"Il mio giocattolo non si rompe."

Translation:My toy does not break.

July 28, 2013

24 Comments


https://www.duolingo.com/Viaggiatore

It makes "rompe" passive, or at least intransitive. Without "si" you would wonder what the toy doesn't break.

July 28, 2013

https://www.duolingo.com/thmarchi

Thanks! I appreciate the extra help!

July 28, 2013

https://www.duolingo.com/duoitaliano9

Very helpful explanation, thank you

December 26, 2014

https://www.duolingo.com/saveTheGopher

Could you use "si" in some other sentences to show how it would sound with and without the word?

Thanks in advance!

December 1, 2013

https://www.duolingo.com/xyphax

io chiamo Roberto
I call Roberto
.
io mi chiamo Roberto
my name is Roberto
(I am called) Roberto

Io alzo il tavolo
I lift the table
.
Io mi alzo
I get up (or I wake up)

December 13, 2014

https://www.duolingo.com/dcounts

Ah! Good explanation. Grazie.

October 9, 2017

https://www.duolingo.com/PhillipsJ2

I translated "si rompe" as "break itself" in both this example and the one about clocks - Duo marked me as correct for the latter, but not for this one. Any ideas why?

July 20, 2014

https://www.duolingo.com/3388winterthur

Same question

September 21, 2015

https://www.duolingo.com/thmarchi

What function is the "si"?

July 28, 2013

https://www.duolingo.com/2BaLola

I inserted both "My toy does not break," as well as "My toy is not broken," in order to see if the latter would pass muster. No way of telling, from the response, unfortunately.

August 26, 2014

https://www.duolingo.com/americanu197

ladies...

August 10, 2015

https://www.duolingo.com/grainemhaol

How would you say 'my toy is not broken please?

September 6, 2016

https://www.duolingo.com/Mariapia859869

Il mio giocattolo non รจ rotto

January 10, 2018

https://www.duolingo.com/Krateusz

Sounds like an advertisement...

March 1, 2017

https://www.duolingo.com/grace725155

Why not "My toy can't break"?

July 16, 2018

https://www.duolingo.com/tamaraqonita

This is how the Titanic film starts, then it sunk.

August 25, 2018

https://www.duolingo.com/akinkama

I do not get why lately every verb used in this subject (present 3) is explained with "You" mainly, but in the phrase is using for "He/She/It" MAINLY. Lol just an observation.

October 10, 2018

https://www.duolingo.com/bonbayel

Can "giocattolo" mean "game"?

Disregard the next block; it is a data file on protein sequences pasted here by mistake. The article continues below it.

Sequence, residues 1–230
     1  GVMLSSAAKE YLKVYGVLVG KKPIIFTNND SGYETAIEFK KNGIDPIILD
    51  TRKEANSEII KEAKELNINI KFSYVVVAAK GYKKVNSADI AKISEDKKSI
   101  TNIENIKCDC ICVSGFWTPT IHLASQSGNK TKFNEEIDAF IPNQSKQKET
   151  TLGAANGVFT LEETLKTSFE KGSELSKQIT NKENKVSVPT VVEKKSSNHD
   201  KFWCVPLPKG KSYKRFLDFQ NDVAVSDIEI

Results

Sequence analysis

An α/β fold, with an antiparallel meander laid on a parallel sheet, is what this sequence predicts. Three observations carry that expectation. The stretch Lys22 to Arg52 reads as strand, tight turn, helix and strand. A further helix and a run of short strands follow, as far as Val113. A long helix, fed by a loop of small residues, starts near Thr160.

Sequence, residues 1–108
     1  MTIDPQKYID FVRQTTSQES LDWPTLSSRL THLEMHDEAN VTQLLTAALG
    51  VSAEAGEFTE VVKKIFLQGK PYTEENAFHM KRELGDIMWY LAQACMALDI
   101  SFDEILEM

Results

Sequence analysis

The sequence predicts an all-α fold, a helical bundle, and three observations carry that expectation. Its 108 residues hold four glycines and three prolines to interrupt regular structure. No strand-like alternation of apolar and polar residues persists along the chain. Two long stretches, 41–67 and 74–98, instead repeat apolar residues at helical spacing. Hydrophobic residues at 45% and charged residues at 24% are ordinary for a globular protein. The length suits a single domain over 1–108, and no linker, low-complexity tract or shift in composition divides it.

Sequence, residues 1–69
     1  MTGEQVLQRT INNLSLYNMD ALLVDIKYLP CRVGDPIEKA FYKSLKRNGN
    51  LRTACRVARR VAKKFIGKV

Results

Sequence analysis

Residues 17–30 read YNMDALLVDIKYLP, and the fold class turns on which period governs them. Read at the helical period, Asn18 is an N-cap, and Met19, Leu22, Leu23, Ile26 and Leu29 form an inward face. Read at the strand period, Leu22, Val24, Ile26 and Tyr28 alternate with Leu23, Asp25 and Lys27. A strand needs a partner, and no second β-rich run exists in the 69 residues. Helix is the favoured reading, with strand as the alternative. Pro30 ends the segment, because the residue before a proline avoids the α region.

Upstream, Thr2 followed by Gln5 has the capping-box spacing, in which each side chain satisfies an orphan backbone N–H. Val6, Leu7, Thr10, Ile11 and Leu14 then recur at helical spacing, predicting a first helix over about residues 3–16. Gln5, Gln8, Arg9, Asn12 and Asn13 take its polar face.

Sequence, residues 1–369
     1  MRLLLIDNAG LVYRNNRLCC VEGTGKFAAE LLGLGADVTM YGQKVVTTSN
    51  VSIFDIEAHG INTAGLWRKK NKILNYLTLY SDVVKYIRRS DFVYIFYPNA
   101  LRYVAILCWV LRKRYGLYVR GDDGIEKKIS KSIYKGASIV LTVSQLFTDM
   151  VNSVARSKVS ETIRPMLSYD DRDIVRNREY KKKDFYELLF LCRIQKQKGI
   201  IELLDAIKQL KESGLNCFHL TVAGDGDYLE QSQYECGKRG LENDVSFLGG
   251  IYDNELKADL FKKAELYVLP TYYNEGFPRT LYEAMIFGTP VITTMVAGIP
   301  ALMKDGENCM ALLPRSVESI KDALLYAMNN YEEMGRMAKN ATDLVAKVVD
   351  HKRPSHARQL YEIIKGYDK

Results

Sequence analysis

April 18, 2019

https://www.duolingo.com/NSXer

don't was not accepted

April 26, 2019

https://www.duolingo.com/sr.estroncio

That's what he said!

December 24, 2013

https://www.duolingo.com/david2646

What's wrong with "My toy is unbreakable?" Absolutely nothing as far as I can see. It is becoming evident that Duolingo cannot cope with comprehensive translation.

March 25, 2014

https://www.duolingo.com/KarenColle

I hear alot of whining about Duolingo's strictness in marking the student responses for translation. Yes, there are inconsistencies and equivalency issues to be debated and argued, but this is how I see it: Duolingo leans heavily toward literal translations because they want you to demonstrate that you understand 1) the meaning of each word or particle in the phrase or sentence and 2) the role that is played by that word or particle as it contributes to the syntax and construct, and overall meaning. I am in total agreement with this as I attempt to understand the language and its evolution to its present day form. Frustrating at moments?...yes!... but I know that this path has the best chance of getting me to where I want to go.

June 26, 2014

https://www.duolingo.com/mtantillo

Duo generally goes for pretty literal translations, and yours is more liberally translated than it would like.

This sentences says the toy does not go through the act of breaking.

Your sentences says the toy has the state of being unbreakable.

Similar, yes; the same, no.

April 18, 2014

https://www.duolingo.com/bonbayel

I sort of agree with you, although don't blame "DuoLingo". There are people working very hard to think up all the possible translations and them list them in their end of the app.
I wanted to say "can't" or "won't break", which is pretty equivalent to your "unbreakable", because "doesn't break" implies that someone is trying hard to break it.

April 18, 2019
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